Decolonization provides a process for thinking about the ways that our research can and does matter (and to whom?). It involves thinking through the wider implications of the craft of archaeology and examining how the process of interpreting and representing the past is both deeply meaningful and politically powerful. It also entails a willingness to think beyond the traditional scope of research, focusing not solely on the products or results of archaeology, but also on how the process of collaboration offers spaces to empower,
benefit, and advocate for communities. What results from asking a basic question—How and to whom will I make my research matter?—is something that is potentially transformative, for when we highlight our accountability to both discipline and community we change what the goal of science can and should be. Envisioned thusly, archaeology
becomes a tool for increasing our understanding of the past and our ability to empower individuals and communities through that knowledge.

In this session we will consider the role of decolonization in the classroom. We invite participants to examine how engaging with indigenous and/or decolonizing pedagogies has transformed the ways in which you train and mentor the next generation of heritage

Heritage as a ‘common’: a novel perspective on the entanglements of
culture and economy
University of los Andes, Colombia.

“The commons” has emerged in recent years as an exciting arena for the examination of multiple problematic ownership situations around the globe, and thus, of an exit from the simplistic dichotomy of “private” vs. “public” property. In the form of laws, the latter categories have wrought poverty and suffering on a globalized capitalist world.” Commons” can take multiple forms, from pre-industrial remnants in rural Europe to claims by Indigenous communities against Western corporate attempts to appropriate bio-knowledge in South America. Our symposium will discuss its implications in the field of heritage and archaeology. We encourage participants from around the world to share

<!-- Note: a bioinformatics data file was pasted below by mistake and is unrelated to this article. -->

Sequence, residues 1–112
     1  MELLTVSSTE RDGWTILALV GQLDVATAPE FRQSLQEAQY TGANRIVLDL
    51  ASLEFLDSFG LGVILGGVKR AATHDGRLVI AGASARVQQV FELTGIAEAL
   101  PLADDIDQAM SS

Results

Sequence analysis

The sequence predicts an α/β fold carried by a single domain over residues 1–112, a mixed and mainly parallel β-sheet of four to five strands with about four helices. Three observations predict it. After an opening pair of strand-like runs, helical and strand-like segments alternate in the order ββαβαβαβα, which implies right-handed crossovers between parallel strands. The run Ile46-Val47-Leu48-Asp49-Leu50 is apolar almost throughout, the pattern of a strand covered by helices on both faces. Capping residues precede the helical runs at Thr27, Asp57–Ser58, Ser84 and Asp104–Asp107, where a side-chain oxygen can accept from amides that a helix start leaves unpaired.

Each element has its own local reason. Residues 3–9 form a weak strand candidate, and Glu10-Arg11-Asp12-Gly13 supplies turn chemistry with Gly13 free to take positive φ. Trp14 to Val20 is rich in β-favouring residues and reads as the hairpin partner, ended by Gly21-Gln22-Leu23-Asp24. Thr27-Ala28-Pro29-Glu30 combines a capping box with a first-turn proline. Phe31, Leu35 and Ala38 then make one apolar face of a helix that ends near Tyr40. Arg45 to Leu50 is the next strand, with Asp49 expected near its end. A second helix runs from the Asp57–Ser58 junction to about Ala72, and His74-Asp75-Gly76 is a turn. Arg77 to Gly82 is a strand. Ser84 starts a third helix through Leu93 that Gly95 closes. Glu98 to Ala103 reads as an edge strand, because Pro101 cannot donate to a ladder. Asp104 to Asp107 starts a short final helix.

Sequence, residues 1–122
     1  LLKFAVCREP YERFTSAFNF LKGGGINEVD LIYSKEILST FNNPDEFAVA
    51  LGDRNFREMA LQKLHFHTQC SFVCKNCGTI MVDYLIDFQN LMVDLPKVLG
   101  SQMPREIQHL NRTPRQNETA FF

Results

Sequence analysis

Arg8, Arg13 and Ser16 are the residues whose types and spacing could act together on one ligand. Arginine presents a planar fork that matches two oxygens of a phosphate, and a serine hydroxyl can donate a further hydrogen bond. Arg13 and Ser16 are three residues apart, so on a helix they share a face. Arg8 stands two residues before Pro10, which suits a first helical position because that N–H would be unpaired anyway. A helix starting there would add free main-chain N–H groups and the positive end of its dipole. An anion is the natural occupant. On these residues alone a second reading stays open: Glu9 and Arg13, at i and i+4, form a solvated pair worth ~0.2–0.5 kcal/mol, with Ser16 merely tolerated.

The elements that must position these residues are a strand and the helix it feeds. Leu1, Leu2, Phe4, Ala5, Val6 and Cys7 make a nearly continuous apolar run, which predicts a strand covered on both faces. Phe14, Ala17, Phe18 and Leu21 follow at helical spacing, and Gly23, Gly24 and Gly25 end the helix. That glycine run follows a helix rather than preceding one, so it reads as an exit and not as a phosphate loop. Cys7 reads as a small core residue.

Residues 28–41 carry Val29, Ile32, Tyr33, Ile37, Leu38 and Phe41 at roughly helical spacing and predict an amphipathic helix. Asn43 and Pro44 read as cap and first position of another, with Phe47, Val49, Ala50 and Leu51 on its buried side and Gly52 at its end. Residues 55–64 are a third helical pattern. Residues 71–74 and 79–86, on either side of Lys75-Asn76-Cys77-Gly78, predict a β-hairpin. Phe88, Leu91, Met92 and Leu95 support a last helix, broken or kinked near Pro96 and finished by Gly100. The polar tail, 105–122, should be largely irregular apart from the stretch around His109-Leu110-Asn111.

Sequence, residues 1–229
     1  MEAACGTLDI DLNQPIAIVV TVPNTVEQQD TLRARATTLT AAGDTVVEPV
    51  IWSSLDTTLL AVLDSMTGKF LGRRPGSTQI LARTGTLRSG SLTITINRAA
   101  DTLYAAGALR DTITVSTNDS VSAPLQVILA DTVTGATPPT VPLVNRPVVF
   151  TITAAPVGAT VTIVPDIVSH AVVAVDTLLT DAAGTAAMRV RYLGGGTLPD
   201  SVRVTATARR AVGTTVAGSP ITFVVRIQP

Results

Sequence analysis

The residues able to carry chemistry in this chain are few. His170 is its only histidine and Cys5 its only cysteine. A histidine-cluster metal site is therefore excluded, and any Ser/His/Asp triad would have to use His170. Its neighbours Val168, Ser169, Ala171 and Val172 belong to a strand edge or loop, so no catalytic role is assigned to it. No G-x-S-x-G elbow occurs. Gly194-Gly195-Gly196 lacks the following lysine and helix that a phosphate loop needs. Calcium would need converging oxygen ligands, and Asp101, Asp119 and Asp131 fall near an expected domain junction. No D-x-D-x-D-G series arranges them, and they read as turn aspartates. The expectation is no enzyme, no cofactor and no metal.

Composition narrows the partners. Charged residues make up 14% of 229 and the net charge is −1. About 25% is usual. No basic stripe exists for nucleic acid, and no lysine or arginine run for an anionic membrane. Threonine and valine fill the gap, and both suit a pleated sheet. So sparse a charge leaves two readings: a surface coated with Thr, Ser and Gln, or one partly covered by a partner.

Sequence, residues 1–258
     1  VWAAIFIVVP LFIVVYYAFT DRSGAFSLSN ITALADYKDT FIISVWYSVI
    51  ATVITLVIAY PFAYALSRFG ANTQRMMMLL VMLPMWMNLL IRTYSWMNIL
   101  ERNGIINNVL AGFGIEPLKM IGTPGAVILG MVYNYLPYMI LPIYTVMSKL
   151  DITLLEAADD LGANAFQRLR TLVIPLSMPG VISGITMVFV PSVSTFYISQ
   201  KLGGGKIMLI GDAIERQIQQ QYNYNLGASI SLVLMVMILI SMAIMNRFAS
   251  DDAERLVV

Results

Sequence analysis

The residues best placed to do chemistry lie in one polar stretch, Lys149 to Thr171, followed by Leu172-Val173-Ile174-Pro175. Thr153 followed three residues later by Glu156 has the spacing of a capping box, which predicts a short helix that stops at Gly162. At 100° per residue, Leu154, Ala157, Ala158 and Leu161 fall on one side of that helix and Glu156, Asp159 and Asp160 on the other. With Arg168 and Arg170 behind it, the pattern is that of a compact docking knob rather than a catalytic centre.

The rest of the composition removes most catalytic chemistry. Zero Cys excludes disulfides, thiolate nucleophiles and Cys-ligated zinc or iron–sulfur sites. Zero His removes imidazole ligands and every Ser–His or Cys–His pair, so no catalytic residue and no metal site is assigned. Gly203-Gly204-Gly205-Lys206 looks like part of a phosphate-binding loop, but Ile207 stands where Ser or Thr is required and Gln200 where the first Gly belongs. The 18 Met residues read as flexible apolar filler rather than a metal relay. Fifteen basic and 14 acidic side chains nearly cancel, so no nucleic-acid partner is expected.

their ideas in theoretical and empirical papers on the connections between archaeology, heritage and property relations, addressing questions such as:

  • Could “the commons” provide a way out of problematic issues of ownership and the public/private dichotomy?
  • What is the potential of “the commons” in the fight against the commodification of heritage?
  • How can the notion of a “shared” heritage be mobilized by local communities to implement politics of redistribution and rethinking of ownership against an alienated “world heritage” that frames itself as globally “shared” common heritage of humanity?